Q&As

What is the position when trustees become personally bankrupt? If they are unable to continue to act, what options are available for the appointment of replacement trustees?

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Published on LexisPSL on 21/12/2016

The following Private Client Q&A provides comprehensive and up to date legal information covering:

  • What is the position when trustees become personally bankrupt? If they are unable to continue to act, what options are available for the appointment of replacement trustees?
  • Fitness to act
  • Retirement
  • Removal of trustee
  • Appointment of new trustee

What is the position when trustees become personally bankrupt? If they are unable to continue to act, what options are available for the appointment of replacement trustees?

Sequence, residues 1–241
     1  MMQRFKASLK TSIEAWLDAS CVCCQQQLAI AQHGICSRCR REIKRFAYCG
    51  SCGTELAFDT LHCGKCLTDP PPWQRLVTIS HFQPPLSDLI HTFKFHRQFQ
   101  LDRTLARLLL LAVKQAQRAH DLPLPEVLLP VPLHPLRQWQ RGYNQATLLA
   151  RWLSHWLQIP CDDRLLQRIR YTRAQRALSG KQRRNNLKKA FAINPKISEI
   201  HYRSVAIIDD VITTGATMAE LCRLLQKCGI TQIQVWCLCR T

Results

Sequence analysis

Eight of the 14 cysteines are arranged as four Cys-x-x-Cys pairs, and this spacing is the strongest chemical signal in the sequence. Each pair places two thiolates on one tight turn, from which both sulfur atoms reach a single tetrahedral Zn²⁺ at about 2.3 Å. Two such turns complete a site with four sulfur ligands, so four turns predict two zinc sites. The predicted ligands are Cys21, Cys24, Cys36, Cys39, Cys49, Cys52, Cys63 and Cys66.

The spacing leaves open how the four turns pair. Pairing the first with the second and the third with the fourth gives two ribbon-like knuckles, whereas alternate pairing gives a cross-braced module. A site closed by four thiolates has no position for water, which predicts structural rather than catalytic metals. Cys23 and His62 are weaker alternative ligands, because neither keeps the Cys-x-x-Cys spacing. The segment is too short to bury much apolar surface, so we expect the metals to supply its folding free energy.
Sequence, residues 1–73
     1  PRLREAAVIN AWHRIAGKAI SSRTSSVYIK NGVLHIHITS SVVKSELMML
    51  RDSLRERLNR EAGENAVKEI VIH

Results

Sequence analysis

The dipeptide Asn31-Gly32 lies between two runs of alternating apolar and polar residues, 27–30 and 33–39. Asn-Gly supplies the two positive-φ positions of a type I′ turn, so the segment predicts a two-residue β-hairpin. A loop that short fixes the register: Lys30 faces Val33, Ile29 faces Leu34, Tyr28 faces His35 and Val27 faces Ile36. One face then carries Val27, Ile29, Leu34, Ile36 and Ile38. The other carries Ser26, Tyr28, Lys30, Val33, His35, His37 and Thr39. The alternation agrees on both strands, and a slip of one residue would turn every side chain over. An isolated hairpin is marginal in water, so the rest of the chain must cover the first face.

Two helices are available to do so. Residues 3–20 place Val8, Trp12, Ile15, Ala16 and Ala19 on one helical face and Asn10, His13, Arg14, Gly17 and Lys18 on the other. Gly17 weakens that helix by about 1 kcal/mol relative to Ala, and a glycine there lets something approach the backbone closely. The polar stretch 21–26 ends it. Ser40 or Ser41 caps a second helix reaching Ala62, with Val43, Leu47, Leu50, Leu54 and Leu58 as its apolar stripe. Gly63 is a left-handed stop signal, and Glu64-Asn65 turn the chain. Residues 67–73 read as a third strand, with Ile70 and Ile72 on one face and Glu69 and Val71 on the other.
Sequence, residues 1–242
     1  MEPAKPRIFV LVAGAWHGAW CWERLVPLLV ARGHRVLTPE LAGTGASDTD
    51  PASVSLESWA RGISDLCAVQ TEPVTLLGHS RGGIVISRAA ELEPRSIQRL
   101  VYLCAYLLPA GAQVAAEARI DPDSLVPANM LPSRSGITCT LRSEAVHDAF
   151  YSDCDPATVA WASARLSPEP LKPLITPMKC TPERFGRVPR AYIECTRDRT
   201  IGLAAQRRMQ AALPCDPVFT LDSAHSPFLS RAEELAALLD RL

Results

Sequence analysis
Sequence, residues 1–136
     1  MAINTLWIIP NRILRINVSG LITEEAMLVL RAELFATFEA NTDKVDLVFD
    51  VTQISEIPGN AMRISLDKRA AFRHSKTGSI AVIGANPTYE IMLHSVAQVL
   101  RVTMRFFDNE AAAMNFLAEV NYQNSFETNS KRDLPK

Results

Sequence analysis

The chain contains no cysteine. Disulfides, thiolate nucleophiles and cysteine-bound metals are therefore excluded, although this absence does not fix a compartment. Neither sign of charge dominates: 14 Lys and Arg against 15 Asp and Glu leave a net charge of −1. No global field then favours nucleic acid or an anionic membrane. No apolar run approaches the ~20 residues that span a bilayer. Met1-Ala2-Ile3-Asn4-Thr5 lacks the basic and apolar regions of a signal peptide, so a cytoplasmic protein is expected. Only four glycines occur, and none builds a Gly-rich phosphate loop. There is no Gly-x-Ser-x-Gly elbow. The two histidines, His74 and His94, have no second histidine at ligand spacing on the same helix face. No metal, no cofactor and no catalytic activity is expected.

This Q&A is limited to cover the statutory powers relating to the removal and replacement of trustees. There may be express powers and provisions in the trust document.

Fitness to act

Anyone who has the legal capacity to hold the legal title to property may be appointed a trustee of that property, however, a bankrupt trustee may be 'unfit to act' within section 36 of the Trustee Act 1925 (TA 1925) but this need not be the case. For an example of this, see In re Barker’s Trust. For further information, see: Underhill and Hayton: Law of Trusts and Trustees: Paragraph 2.

Retirement

If doubts exist and the trustee is happy to retire then it is best to replace them on the grounds of retirement.

A trustee may retire in a number of ways including by taking advantage of any provision in the trust instrument, or, if someone can be found to replace them, they may retire under the provisions of TA 1925, s 36.

For further information, see Practice Note: Trustees—retirement of trustees and the case In re Adam’s

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